If your parents are overly supportive of you pursuing dance, it may become difficult to gauge your own interest. Getty Images
I don't understand why I've lost my motivation to dance at 20 years old. My parents have always encouraged me to have a life plan and ask continuously how my pre-professional training program is going. I feel crushed by their expectations. I'm actually relieved when I get injured and can't dance, even though I miss it.
Nowadays, landing a trainee contract is a usual step toward a full company contract. Photo by Kyle Broad/Unsplash
I feel like a loser after auditioning for a ballet company. Instead of a job, I landed a position in their trainee program. I refused it and switched to a school with a Limón curriculum, which doesn't do it for me. Now what?
A dance career can send you on a roller coaster of emotions, but evaluating reality can help give you perspective. Thinkstock.
I never believe that I deserve to be happy. This reaction kicked in big time since I got a steady job. My emotions are a roller coaster: joy at the chance to perform, terror that the people in charge don't like me and resentment at not getting solo roles. I'm driving myself crazy.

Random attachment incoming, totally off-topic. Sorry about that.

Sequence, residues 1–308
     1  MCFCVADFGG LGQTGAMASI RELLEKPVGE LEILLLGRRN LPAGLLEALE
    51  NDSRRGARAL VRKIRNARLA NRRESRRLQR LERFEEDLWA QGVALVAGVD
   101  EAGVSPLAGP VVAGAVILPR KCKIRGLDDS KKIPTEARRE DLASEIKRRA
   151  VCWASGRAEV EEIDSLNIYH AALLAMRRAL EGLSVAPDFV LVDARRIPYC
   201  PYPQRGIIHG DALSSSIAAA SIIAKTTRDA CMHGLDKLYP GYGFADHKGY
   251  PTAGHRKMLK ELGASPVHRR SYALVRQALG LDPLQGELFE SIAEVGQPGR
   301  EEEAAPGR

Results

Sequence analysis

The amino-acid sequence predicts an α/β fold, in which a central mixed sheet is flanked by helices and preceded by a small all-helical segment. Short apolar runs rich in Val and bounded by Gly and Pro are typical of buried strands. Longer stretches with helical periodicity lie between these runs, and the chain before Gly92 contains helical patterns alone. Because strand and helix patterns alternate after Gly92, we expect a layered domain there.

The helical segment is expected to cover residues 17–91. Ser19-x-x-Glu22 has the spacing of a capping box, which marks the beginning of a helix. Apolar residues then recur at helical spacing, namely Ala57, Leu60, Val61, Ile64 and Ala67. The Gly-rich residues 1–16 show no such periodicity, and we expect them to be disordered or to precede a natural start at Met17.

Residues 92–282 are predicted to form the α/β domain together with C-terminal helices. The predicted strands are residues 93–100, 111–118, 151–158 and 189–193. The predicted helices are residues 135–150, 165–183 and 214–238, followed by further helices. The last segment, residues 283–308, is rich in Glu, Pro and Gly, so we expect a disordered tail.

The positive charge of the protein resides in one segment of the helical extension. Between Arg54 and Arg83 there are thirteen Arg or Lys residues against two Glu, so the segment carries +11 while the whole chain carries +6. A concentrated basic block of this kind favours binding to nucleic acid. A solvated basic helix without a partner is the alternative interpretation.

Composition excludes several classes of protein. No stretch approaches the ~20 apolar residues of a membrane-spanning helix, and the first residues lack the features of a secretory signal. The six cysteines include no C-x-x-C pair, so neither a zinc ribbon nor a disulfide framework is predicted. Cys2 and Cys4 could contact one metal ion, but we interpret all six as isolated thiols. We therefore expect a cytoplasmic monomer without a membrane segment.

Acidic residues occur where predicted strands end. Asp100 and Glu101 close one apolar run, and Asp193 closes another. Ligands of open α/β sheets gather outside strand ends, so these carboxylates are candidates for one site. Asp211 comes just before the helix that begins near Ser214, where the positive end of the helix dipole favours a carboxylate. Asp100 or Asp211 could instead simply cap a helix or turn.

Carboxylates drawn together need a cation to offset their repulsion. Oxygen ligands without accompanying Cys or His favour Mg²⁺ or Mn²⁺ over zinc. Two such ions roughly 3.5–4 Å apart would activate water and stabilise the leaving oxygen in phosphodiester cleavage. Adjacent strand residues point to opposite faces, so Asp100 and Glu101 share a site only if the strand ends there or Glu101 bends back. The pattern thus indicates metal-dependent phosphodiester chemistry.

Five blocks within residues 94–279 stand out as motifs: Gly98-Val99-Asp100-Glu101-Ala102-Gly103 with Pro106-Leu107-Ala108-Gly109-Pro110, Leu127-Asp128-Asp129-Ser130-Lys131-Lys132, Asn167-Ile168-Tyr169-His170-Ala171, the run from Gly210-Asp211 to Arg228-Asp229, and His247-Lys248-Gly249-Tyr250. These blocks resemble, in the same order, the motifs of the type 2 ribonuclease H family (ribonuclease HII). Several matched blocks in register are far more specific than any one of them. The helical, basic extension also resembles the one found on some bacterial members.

My girlfriend wants me to say "no" to extra work outside of the company. During breaks, I typically teach master classes, do gigs and choreograph. I love these opportunities, but I'm always tired and it interferes with our time together. What should I do?
When dancers are unhappy or uncomfortable in the studio, healthy communication is essential. Perhaps you feel slighted by a casting decision, dissatisfied with a new rehearsal schedule or uneasy about something a choreographer has asked you to do.
What can you do? Here are three strategies to keep in mind.